John O’Donnell and Ilona Wissenbach of Reuters indicated on May 30 that European Union countries were considering scaling back the application of the proposed FTT (financial transaction tax). The charge could also be lowered from the proposed 0.1 percent to 0.01 percent of the value of a proposed share deal. Under this scenario, expected revenues will only be approximately 3.5 billion euros. Rollout of the tax to other instruments is also being delayed, with the FTT applying to shares in 2014 and to bonds up to 2 years later. According to Citi Research analysts, change is unlikely for the current FTT outlook given the German September 22 elections. Both French and German governments favor imposition of the tax.

Financial Transaction Tax FTT

FTT Could Create Problems

Some members of the ECB governing council and main debt agencies have criticized the proposal and the Netherlands is opposed to it. Critics have highlighted that the FTT could create problems for the financial system in a time when costs of deleveraging need to be minimized. There are also businesses opposing the FTT, such as Siemens. The claim is that the tax will damage their profits. Siemens AG (ADR) (NYSE:SI) (FRA:SIE) (ETR:SIE) has become a large player in financial trading through Siemens Financial Services.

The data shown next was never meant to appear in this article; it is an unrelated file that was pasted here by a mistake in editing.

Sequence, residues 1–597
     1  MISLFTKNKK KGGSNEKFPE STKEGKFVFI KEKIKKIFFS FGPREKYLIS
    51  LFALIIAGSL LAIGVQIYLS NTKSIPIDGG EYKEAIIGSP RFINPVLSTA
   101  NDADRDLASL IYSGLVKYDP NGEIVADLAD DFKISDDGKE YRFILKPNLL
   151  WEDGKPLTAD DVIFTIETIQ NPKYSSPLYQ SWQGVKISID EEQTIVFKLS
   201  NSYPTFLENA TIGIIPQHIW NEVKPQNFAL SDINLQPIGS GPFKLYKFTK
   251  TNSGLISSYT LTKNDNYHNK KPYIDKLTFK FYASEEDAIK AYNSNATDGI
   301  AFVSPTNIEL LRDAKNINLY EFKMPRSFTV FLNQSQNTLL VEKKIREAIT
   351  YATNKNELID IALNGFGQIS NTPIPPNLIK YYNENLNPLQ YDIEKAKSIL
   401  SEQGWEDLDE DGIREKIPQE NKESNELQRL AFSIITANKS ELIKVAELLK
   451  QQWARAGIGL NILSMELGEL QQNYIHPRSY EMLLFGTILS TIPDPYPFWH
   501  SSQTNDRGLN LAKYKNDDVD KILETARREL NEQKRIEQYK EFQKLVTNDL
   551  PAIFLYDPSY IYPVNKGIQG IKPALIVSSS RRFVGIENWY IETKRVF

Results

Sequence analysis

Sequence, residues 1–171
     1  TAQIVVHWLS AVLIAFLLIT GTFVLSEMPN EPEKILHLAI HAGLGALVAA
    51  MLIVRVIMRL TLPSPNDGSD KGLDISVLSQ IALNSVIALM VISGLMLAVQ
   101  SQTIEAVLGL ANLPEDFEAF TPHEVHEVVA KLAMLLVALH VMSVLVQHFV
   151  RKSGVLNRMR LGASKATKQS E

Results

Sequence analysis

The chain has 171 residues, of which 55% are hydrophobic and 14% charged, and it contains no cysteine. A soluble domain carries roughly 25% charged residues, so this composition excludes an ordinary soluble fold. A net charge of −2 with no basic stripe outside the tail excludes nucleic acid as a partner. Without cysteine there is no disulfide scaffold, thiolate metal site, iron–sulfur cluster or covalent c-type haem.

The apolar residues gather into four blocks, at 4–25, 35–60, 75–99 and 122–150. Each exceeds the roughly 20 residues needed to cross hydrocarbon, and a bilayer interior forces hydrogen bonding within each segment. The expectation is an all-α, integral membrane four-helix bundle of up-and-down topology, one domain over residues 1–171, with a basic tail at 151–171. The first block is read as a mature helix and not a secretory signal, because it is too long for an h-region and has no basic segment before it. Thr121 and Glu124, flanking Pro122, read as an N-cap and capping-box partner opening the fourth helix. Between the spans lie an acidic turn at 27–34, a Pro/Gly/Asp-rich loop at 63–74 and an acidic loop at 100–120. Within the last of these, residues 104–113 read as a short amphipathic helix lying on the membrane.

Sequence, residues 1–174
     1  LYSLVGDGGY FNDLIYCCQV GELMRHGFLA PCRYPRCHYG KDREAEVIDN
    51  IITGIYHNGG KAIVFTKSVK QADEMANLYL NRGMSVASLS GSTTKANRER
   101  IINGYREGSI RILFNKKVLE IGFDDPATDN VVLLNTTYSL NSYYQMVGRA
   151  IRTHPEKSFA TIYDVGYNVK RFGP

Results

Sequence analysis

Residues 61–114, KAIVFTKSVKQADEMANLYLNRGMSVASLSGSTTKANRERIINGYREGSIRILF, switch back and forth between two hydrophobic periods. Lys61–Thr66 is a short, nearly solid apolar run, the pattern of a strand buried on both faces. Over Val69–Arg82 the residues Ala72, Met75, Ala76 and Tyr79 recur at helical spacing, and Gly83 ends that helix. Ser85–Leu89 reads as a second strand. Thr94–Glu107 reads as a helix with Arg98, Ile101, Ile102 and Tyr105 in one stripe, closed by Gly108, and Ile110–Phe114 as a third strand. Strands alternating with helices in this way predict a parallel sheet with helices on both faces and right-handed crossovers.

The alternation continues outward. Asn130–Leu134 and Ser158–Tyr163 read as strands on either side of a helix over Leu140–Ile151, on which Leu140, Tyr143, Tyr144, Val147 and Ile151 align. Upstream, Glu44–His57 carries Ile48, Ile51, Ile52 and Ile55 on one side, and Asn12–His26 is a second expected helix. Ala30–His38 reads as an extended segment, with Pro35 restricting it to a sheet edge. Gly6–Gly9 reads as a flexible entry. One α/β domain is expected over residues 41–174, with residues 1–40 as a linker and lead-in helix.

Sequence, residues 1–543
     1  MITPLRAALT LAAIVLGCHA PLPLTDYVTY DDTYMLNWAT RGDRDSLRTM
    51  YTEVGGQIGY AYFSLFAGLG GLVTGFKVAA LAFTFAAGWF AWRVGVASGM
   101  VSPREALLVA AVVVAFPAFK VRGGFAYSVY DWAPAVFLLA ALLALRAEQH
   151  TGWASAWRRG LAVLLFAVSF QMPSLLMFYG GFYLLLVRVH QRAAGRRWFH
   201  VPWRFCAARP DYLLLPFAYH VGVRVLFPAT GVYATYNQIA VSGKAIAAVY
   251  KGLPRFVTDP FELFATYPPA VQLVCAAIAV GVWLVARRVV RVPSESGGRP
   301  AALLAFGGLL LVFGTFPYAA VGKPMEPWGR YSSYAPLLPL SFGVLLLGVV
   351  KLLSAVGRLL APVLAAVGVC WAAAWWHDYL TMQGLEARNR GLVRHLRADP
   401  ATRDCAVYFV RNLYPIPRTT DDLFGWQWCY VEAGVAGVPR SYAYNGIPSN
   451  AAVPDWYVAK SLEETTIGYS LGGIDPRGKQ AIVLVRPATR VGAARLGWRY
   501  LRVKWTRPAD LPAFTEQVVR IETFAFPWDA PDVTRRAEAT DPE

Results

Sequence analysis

Proponents of the tax claim that only day trading or excessive trading will be substantially affected, as the tax is charged per transaction. The tax can help reduce volatility and improve asset price stability. Businesses in turn will spend less in protecting against value volatility and capital may be freed up for investment.

The financial transaction tax has received support from business leaders such as Warren Buffet, Arielle de Rothschild, Managing Director Rothschild Group, and Charles Ewald, former Vice President Goldman Sachs Group, Inc. (NYSE:GS). They all agree that shareholders, managers, and regulators are focused on short-term considerations at the expense of considering a sustainable, long term outlook for business and investments. These leaders propose either revised capital gain tax provisions or a tax to discourage excessive trading, like the FTT. Financial leaders also note that the dominance of short-term trading in financial markets and high frequency trading can drain liquidity in stressed markets when it is needed most. Finally, the tax should be applied broadly to financial instruments including stocks, bonds, and derivatives that are traded on exchange or over the counter.

The tax as proposed by the European Commission will apply to trades across the globe. The FTT tax will be levied to any security issued in the eleven countries comprising the European Union.  For example, an Italian bond will be taxed whether is traded in the United Kingdom, United States, or China.